Cerebral Palsy Awareness Month: 2019

If you follow me on social media you can probably guess what I’m going to say because I’ve been posting annoying Inst@gram Stories and tweets on Tw!tter for the past month.

Today is the start of Cerebral Palsy Awareness month.

I’ve done this before, and I want to do it again.

I’m going to write a series of posts pertaining to Cerebral Palsy, but I need your help.

What do you want to know?

What questions do you have?

What have you heard, that could be fact or fiction?

What do you know about Cerebral Palsy?

What do you wish you knew, or even had the slightest idea about?

What do you wish other people knew about Cerebral Palsy?

What would you like to share about living (and/or working) with Cerebral Palsy?

I know parents of kids with CP & young adults with CP read my blog. Both groups have questions and opinions (I would too if I were in their place).

I may not have all the answers to every question or myth that there is out there, but I believe I can provide guidance and provide inroads.

I’ll be the first one to tell you that I’m not in expert in Cerebral Palsy, but I do have live experience to draw on, and that’s not something I take lightly.

I’m open to feedback for the entire month, so if you can’t think of anything right now never fear there’s still 20-ish days that need material (just contact me).

September: A Recap

This is going to be an attempt at a recap of the past 30+ days. I say attempt because I’ll probably forget something or get the order of events wrong.

Blogging: I haven’t done much, obviously. I intended to make some sort of cutback, but I never made a solid plan. I would sit down to write and not finish anything, and then it just became more natural to not write anything. I needed a break more than I thought I did. I’m not sure if it will continue or not but I’m pretty sure I’ll have peace no matter what conclusion I come to (or stumble towards). I have no idea how I kept up a blogging schedule with full work and school schedules.

Social Media: Every morning I (usually) lay in bed while checking email and scrolling social media. One day I found myself wondering why I followed some people because I found myself on an emotional roller-coaster that I had no intention or even interest in being on, yet there I was. The end result was going through all of the people I follow and unfollowing a good number. I can’t say I feel better, but things feel more manageable.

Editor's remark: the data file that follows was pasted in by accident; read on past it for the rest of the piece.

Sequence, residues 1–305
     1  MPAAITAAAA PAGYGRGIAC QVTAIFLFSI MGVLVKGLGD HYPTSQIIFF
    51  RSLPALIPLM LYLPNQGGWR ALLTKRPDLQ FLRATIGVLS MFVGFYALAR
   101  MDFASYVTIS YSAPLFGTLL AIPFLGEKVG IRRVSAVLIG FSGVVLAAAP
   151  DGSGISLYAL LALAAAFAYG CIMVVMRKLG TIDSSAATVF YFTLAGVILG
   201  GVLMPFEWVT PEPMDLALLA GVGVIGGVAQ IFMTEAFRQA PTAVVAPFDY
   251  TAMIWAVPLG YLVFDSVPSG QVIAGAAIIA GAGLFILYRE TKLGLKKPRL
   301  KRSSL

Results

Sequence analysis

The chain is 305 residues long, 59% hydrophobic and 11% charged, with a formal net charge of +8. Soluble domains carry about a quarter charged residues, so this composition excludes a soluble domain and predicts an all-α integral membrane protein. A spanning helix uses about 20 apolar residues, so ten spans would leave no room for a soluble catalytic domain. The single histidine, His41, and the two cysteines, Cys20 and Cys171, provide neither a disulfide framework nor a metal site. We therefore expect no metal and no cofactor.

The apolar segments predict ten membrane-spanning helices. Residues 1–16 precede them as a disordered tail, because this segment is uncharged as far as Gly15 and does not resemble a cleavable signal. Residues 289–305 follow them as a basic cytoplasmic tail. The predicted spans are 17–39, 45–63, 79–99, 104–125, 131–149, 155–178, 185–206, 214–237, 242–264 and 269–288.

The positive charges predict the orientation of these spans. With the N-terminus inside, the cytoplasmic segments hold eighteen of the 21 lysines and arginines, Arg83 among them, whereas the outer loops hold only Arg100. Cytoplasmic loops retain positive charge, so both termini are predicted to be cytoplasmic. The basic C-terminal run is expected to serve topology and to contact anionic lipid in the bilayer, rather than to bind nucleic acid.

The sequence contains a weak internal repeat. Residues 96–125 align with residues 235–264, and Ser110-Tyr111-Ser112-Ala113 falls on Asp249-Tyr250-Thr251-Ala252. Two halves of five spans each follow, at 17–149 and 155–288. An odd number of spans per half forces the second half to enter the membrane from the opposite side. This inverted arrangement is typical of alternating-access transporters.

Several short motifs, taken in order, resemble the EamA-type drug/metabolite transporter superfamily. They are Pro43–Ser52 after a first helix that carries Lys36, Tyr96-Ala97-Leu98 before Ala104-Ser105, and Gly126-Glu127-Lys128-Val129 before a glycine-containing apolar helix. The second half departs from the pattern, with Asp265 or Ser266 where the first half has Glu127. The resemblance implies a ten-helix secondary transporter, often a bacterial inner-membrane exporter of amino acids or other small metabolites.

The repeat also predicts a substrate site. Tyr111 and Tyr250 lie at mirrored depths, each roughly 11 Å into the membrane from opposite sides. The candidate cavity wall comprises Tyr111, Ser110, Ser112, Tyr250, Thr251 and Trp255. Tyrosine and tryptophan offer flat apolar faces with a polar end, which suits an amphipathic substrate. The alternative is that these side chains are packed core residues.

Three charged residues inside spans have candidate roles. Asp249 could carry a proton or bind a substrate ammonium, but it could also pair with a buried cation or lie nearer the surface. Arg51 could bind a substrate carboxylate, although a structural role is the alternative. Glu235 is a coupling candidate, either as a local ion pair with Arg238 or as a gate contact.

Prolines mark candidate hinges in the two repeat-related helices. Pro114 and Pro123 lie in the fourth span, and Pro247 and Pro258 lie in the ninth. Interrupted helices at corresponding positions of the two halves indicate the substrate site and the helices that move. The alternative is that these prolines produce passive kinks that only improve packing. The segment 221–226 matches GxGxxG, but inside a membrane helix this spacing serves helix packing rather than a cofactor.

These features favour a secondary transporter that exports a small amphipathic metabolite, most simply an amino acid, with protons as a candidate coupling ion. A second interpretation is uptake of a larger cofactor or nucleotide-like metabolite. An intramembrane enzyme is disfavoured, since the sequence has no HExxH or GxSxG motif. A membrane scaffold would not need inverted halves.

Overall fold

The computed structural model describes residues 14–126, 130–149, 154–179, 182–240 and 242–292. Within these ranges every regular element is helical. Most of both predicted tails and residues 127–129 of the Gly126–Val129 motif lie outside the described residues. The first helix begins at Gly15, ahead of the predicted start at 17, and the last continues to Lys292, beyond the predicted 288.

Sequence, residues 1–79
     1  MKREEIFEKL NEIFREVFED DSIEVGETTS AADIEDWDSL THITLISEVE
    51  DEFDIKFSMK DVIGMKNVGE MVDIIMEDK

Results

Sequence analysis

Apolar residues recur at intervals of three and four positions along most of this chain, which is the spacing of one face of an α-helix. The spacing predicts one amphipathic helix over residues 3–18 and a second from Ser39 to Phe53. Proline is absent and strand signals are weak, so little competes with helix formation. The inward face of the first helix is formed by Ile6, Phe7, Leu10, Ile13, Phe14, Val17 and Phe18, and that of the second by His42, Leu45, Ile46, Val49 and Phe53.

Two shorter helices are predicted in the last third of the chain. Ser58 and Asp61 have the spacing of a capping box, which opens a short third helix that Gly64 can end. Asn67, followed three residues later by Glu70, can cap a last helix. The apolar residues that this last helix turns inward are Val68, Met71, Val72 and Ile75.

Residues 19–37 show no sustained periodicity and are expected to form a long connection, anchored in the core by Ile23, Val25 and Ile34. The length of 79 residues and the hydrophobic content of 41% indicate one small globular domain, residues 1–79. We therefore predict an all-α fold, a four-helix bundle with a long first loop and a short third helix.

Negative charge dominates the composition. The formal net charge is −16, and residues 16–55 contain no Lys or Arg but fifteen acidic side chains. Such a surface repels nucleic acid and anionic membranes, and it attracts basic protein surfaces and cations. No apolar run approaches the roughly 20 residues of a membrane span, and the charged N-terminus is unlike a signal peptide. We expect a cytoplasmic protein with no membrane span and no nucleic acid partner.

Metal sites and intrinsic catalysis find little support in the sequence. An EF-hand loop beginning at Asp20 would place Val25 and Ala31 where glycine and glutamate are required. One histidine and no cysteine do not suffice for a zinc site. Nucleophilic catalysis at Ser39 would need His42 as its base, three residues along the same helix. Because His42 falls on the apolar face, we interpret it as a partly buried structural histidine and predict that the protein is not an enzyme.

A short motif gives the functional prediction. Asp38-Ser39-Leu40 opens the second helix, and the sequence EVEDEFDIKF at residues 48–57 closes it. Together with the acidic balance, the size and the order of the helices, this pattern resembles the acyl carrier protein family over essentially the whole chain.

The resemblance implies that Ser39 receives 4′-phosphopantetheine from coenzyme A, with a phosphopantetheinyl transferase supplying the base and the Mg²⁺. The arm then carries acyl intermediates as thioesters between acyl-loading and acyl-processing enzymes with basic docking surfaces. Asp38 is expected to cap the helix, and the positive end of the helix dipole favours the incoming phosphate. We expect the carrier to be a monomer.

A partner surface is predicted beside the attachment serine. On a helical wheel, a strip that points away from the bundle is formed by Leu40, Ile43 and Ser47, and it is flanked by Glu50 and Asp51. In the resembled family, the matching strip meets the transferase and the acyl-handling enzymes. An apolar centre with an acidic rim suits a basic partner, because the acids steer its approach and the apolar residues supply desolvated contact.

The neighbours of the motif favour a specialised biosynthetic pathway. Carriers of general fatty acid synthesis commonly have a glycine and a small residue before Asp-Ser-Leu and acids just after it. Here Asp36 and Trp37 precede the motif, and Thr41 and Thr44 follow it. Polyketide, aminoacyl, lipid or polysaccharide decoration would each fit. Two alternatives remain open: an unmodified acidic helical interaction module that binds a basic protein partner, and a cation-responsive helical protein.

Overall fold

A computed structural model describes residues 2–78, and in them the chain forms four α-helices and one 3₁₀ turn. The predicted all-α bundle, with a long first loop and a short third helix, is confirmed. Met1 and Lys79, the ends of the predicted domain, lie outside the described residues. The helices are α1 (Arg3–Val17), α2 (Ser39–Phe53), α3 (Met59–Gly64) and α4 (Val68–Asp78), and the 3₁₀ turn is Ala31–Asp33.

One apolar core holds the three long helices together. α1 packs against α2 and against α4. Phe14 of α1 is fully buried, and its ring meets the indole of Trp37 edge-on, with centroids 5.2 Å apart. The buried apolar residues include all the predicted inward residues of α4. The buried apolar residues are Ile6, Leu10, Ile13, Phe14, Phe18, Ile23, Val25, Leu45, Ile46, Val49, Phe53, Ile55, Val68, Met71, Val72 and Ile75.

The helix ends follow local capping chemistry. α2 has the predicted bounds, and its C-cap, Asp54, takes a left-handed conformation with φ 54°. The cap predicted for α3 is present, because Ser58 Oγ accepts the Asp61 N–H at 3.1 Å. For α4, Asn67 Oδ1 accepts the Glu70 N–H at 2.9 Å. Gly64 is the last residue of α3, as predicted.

Books: I’m enjoying making use of public resources, and my bank account appears to be thanking me for it. I have slowed down my reading consumption but I’m still going at a somewhat steady pace. After checking out the wrong book, not once but twice, keeping up to date on Good Reads has become somewhat essential.

Clothing: I have a dwindling wardrobe, on purpose. I was looking for a pair of pants in my closet, and similar to what happened with my social media accounts, I ended up donating half of the pants I owned. I don’t know why I had so many pants because I think I only wear 3-4 pairs on a regular basis. The same thing happened with my sweaters soon after. I’m hoping this trend occurs with the rest of my possessions. Why did I feel I needed so much, because I clearly don’t need most of what I have even after a purge?

Ministry (or whatever you want to call it): I’m still working on my capstone project, even though it’s not really a project anymore. It hasn’t gained the traction I had hoped for and granted I haven’t been able to bring what I had in my head to the web, but it doesn’t feel right to just let it go.

Christmas: I have a fair amount of my shopping done. I don’t claim to be one of the “Christmas crazies” that enjoy starting the countdown to the big day in July, but I find it much easier to have a “shop as you go” approach to gift giving, rather than scrambling for the perfect gift closer to a deadline dictated by a calendar.

Work & Career: This could probably be two separate things but I’m making it one. I’m on the job hunt still writing cover letters and sending out my resume. Things are happening slowly but surely, and that’s fine with me. I made the decision to stop accepting speaking and educational engagements that don’t offer some sort of compensation. I can’t live solely off warm fuzzies an thinking I’m making the world a better place, so I needed to stop doing it.

Friends: They’re all off being amazing and doing amazing things, like this one, so I’m watching things happen wherever I go.

Podcasting: I’m considering a return of sorts so stay tuned, if you’re interested. I am listening to more podcasts, most notably The Catholic Family

Swimming & Other Physical Pursuits: The short of it is, same coach different environment. It’s been an adjustment, and a bigger one than I bargained for so I’m trying different things, for the sake of motivation, until something clicks. I have no idea how professional athletes change coaches and or environments semi-often and seem to not miss a beat.

So that was September. How was your month? Did I miss anything that I should have covered?

Grad School: The 1st Summer After

It’s the first summer of my post-post-grad life. The summer of dreamed of for years has come and is almost over. No, I’m not going back to school, at least not yet. Things haven’t gone how I thought they would. I’d be lying if I didn’t say keeping up this blog is getting harder and hard to do, not because of lack of time, but lack of motivation.

I thought not having school would free my mind, give me the free time I missed, etc.